Even before it launched, the PlayStation Vita was declared a failure by media doomsayers. A rough global economy, strong competition from companies in the video games and mobile markets, and a belated, non-Christmas launch in the U.S. and Europe had stacked the odds against Sony's fledgling replacement for the PlayStation Portable (PSP). The system has now launched in major territories and sales are as poor as predicted—well behind the sluggish pace set by the Nintendo 3DS in its first few months.
Japan is a tough market to gauge, being that the Vita was selling out its pre-orders but is now losing in a battle against its portable predecessor. Based on sales of current handheld games across all platforms in Japan, one could assume two things about the Vita's fate there: 1. Sony has to convince Japanese gamers that Vita is worth an upgrade from the still-hot PSP, and 2. all of this would probably be moot if the Vita had launched with a Monster Hunter game. Meanwhile, the European launch was tepid but not altogether discouraging, as Sony moved an estimated 380,000 units in its first week—slightly ahead of the 3DS.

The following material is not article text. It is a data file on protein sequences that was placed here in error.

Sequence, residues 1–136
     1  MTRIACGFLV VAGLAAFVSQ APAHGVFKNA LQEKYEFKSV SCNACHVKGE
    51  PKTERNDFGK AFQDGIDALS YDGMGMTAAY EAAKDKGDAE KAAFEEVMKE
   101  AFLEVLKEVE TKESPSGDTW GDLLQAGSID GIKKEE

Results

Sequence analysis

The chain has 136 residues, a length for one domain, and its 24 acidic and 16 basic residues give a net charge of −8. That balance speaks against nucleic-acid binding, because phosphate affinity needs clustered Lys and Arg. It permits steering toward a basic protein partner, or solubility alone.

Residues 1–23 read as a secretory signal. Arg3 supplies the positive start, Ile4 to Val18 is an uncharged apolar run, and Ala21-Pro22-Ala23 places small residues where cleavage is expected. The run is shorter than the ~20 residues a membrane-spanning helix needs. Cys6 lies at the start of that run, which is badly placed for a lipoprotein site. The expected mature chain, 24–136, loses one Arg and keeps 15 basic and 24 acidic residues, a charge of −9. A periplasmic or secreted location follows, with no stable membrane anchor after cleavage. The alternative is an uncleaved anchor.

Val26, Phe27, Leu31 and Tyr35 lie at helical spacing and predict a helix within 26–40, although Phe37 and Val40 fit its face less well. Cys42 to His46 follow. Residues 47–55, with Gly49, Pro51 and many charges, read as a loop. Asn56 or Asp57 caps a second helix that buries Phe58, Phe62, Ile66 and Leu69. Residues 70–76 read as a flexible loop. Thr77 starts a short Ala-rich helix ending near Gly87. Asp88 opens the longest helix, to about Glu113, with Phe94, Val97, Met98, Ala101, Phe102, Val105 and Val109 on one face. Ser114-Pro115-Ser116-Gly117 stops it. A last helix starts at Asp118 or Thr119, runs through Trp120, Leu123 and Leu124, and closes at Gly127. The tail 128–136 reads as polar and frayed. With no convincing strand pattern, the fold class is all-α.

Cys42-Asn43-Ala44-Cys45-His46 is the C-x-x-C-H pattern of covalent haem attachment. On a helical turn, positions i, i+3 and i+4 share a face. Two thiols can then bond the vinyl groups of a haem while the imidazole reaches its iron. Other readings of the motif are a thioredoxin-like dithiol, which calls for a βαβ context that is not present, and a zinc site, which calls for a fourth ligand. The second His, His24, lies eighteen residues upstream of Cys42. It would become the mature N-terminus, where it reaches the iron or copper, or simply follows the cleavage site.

It's a different story in the U.S. Despite a strong, well received launch lineup and positive reviews regarding the hardware, the domestic Vita launch disappointed with a first-week estimate of only 300,000 units. Sony is definitely facing an uphill battle stateside, but all is not lost. The hardware is good, the games are there (with a few potential standouts to be released in May and June), and major marketing dollars are being put behind the Vita. So how can Sony capitalize upon the Vita's strengths while dragging itself out of its presumed grave? Here are a few ideas.
Scrap the current ad campaign
Sony missed a terrific opportunity to get America buzzing about the Vita when it failed to buy ad time during the Super Bowl—the most-watched television event of the year in a month when the Vita would be launching. Unfortunately, what they came up with instead is possibly the worst video game ad campaign since, well, the launch of the PlayStation 3.
True, Vita ads do not feature a freaky, melting baby doll in a what looks like a padded cell. These ads are a little more... naturalistic. They feature 20-something hipster kids walking around a city completely oblivious to the world around them. They depict potential PlayStation Vita users as too trendy, apathetic, and possibly very late for work at a job they hate. How hip.
And what of the games? You're lucky if you can catch a split-second glimpse of titles like MLB 2012, hardly a showcase of the Vita's power and unique interface features. Worse yet, the Vita's place in the handheld market is made vague by the oft-aired MLB ad, as it seems like Sony is advertising it as an expensive accessory for the PS3. Not only does this mean Sony is limiting its target audience to current owners of its home console (hardly a leader in market share); it's also talking about one very specific hardware feature (cross-platform save files) tied to one specific game.
Play to the system's strengths